Basic Electronics Design for Environment (DfE)

Electronics Design for Environment
Basic Electronics Design for Environment

Reading a post from Technology Forecasters’ Pam Gordon, Outsmarting Waste in Electronics, a personal event came to mind.

I have a two-year-old front-loading washing machine that recently broke. The door lock would not engage – it made a very soft, sickly ‘click’ sound instead of the firm thump of a solenoid.

After cursing once or twice, I read related horror stories on a few blogs and decided to try fixing the problem myself. I purchased a replacement part on Amazon and watched a Youtube video for my service training. The whole fix took about 7 minutes to complete.

The part I replaced was a door lock assembly. It’s a slightly curved plastic part with compartments to hold the solenoid and interlock switches. The plastic was broken.

What I find amazing is that an engineer like me could have easily predicted where the stress points on the plastic would be, and, therefore where it would break. The company should have known as well, they had enough complaints about it online!

Sadly, a simple tooling change would have prevented this issue entirely.

As designers we rarely have Reduce, Reuse, and Recycle as the first three line items on our specifications.

However, as consumers we are brutally aware of the failure to consider these issues when we go to the store to buy more ink and realize with shock that a new printer costs less than a replacement cartridge.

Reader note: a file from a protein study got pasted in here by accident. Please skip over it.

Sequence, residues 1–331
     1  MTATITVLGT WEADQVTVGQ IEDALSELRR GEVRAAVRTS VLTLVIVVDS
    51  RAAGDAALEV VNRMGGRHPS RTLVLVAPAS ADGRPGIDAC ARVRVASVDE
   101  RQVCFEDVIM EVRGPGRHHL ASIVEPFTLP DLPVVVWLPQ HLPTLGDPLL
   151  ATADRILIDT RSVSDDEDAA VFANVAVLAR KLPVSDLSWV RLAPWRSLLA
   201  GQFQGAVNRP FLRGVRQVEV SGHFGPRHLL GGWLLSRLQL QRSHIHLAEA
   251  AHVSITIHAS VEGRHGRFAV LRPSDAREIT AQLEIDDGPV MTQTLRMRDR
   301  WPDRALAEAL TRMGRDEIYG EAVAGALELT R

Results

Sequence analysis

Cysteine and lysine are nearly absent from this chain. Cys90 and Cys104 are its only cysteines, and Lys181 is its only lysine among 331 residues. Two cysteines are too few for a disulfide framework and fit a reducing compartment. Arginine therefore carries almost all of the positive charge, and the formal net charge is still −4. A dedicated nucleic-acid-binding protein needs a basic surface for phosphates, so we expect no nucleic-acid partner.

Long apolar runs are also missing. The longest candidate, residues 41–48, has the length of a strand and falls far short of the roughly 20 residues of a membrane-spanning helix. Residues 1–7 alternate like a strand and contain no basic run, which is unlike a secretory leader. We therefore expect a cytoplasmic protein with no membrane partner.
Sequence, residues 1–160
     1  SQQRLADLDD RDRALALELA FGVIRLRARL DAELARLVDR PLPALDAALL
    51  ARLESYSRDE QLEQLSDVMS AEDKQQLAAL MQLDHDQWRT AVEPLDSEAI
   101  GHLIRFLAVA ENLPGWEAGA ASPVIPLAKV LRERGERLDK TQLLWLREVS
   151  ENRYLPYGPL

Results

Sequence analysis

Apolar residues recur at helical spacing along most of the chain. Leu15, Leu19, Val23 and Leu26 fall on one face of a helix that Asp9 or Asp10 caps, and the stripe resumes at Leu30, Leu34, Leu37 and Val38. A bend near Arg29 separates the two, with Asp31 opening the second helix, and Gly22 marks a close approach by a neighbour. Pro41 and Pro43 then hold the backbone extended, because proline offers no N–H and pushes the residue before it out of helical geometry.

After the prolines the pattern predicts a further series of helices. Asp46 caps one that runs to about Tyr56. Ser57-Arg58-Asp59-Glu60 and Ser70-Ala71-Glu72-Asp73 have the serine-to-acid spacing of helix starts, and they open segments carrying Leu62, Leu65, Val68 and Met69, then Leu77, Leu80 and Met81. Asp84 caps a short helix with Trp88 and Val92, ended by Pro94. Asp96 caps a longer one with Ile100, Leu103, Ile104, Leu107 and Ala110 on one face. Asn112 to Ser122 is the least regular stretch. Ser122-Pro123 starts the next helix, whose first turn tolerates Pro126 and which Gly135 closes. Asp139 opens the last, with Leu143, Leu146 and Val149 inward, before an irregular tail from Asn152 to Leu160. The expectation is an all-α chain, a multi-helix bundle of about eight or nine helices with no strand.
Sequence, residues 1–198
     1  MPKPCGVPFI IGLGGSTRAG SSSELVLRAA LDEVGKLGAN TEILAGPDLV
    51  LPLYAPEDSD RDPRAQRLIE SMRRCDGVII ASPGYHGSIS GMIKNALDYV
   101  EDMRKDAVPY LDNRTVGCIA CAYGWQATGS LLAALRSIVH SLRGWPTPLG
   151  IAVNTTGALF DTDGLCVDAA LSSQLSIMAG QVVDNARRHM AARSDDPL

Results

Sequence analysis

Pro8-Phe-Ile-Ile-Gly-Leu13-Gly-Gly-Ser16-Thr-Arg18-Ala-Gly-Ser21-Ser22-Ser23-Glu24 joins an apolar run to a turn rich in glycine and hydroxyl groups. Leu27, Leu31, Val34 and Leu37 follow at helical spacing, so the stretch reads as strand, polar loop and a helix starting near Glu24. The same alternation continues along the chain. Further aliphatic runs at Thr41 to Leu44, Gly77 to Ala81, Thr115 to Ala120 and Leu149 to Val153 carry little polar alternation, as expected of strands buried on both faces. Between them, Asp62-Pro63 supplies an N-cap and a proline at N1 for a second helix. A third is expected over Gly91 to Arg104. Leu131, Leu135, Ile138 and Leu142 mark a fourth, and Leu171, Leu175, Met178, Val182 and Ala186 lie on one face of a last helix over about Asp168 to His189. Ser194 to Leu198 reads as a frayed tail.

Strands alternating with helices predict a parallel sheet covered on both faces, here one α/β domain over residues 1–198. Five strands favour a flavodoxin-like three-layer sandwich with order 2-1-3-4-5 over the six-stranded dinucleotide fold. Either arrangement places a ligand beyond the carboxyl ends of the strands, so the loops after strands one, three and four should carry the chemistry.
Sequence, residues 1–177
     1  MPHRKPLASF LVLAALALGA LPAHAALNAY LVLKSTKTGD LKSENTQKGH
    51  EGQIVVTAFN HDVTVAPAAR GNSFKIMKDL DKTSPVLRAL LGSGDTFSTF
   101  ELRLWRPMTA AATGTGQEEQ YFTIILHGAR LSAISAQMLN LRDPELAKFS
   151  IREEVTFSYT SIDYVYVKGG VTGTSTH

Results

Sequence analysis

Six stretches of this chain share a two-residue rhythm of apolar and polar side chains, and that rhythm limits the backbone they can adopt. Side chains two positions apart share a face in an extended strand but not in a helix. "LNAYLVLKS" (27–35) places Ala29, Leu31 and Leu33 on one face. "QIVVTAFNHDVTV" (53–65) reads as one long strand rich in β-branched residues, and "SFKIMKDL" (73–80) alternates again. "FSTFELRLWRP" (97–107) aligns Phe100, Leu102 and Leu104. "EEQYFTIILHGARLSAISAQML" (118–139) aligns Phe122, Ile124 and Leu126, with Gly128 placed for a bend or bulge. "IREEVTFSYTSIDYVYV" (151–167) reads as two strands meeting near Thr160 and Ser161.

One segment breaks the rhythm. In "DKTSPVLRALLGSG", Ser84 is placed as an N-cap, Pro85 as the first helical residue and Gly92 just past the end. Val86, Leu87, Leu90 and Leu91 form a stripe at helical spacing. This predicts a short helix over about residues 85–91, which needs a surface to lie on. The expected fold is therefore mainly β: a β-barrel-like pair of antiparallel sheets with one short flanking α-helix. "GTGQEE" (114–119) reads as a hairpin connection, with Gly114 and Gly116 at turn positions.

Here are a few simple things we should consider as we Design for Environment.

Basic Electronics Design for Environment (DfE):

  1. Minimize the number of parts
  2. Select environmentally friendly materials where possible
  3. Consider the method of disposal
  4. Design for Serviceability
  5. If electrolytic capacitors are used, select a working voltage at least 2X the expected voltage. Use low ESR if large currents are expected. Have at least 20 degree C rating above the maximum environmental temperature.
  6. Don’t believe the power ratings in data sheets. Consider deration curves carefully and under-drive LEDs and power parts as much as possible to extend their life. Note: PWM may not provide a true power averaging, peak currents affect junctions.
  7. Conformal coat PCB assemblies if dust and moisture protection is necessary
  8. Be aware of shock and vibration. Observe the mass of the components as well as the orientation and mounting.
  9. Perform an FMEA to identify weaknesses

In this disposable society, let’s start making the ‘Repair or Replace’ decision a lot more difficult.

Learn more about our complete Design Services on our website, or give me a call any time at 262.501.6686 if you’d like to discuss DfE or DFX. Maybe you have a washing machine horror story of your own!

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